Finally, Paul was also clearly called by God. Jesus blinded Paul with a bright light, and spoke to him within earshot of his traveling companions. Again, God makes his specific callings VERY clear. 

So if you believe you've been called by God to do something specific, ask yourself this question: Did God make it clear that he wanted you to do whatever it is that you feel he said you should do? If so, you better do it! If not, you may be swallowed by a big fish and forced to do it anyway. Obviously, I'm using a little hyperbole here, but the truth is that specific callings from God are very clear, and did not happen to everyone in the Bible. As a result, our job is to focus on being like Noah-walking faithfully with God, and trusting that if God has something specific for us to do, he will show up and make it clear to us. 

Q:  Practically, if you have a young man sitting in your office and he's confused about what he should do in life.  What would you say to him? 

First of all, this happens a lot! I work in a business where our primary workforce is young men and women in high school and college. I also work with many adults who are also in transition-looking for the right job, but having a hard time finding it. As a result, these conversations happen often. If the person is a Christian, I go straight to Proverbs 16:9, "The heart of a man or woman plans his or her way, but it is the Lord who directs his or her steps."

I tell them that it's okay to plan their way. It's okay to take a strengths test, and try to find a job that fits within their passions. I even encourage this, and offer to help them recognize their gifts and abilities. Ultimately, however, God will direct their steps to exactly where he wants them to be. He or she may not recognize it. He or she may not see the steps in front of them. One day, they may end up like me and look back over their lives awestruck by the way God has directed them to exactly where he wants them to be.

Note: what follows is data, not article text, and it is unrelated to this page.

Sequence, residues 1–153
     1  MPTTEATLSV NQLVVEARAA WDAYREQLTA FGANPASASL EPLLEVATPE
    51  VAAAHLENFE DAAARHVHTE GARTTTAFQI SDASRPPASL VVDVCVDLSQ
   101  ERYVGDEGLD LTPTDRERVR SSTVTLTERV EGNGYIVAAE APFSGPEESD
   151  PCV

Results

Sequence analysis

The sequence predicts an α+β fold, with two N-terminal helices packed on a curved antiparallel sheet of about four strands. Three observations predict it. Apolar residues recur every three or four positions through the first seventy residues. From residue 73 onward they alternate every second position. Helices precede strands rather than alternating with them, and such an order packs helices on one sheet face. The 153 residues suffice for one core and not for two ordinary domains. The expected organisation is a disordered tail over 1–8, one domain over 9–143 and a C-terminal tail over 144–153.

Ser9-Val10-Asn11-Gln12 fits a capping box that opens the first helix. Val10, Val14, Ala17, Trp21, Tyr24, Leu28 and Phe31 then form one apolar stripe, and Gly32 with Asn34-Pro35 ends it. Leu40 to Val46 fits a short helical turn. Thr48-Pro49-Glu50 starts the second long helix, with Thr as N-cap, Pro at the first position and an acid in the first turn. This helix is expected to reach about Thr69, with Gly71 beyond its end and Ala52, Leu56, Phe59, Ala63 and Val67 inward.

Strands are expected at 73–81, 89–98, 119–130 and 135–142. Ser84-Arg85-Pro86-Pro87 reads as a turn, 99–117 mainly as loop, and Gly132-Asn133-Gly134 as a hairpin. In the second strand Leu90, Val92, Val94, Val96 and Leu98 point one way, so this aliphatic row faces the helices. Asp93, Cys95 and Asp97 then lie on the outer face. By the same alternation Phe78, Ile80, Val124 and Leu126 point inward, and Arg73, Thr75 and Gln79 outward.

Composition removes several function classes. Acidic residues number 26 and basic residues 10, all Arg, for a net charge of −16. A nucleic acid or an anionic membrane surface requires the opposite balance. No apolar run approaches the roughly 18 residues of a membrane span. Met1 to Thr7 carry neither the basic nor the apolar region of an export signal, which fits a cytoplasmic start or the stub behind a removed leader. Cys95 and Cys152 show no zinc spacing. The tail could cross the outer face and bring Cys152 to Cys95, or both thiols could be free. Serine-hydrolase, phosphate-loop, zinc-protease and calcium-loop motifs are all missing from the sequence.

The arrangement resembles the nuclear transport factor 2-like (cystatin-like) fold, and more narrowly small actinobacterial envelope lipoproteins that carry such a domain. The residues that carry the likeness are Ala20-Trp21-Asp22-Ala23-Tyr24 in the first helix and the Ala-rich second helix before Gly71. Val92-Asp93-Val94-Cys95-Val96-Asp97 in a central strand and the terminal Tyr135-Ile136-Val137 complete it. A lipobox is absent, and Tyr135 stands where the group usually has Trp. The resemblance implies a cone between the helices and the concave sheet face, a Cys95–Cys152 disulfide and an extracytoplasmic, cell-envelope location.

But this is my primary point: God will direct their steps. In fact, he already is. Our job is not to worry about the specific calling of God or the specific job that we are supposed to do. Our responsibility, through the work of the Holy Spirit in our lives, is to faithfully walk with God today, in whatever context he places us. 

Q:  You wrote in the book, "your job doesn't define you, your worship does," what does this mean?

Your job doesn't define you, your worship does. I know this is hard to believe. We live in a culture that tells us a job-especially a dream job-is the purpose of our lives. But it's true-my life and your life is not defined by the quality of our jobs, but by the quality of our worship. That call to worship is simply the common calling to love God with all that we are and to love one another. I know it doesn't feel like enough to be successful in life. We want to do more for God. In many ways, we like TODO lists that map out a path to accomplishment and success. But we are not called to accomplishment and success at work, we are called to walk faithfully with God.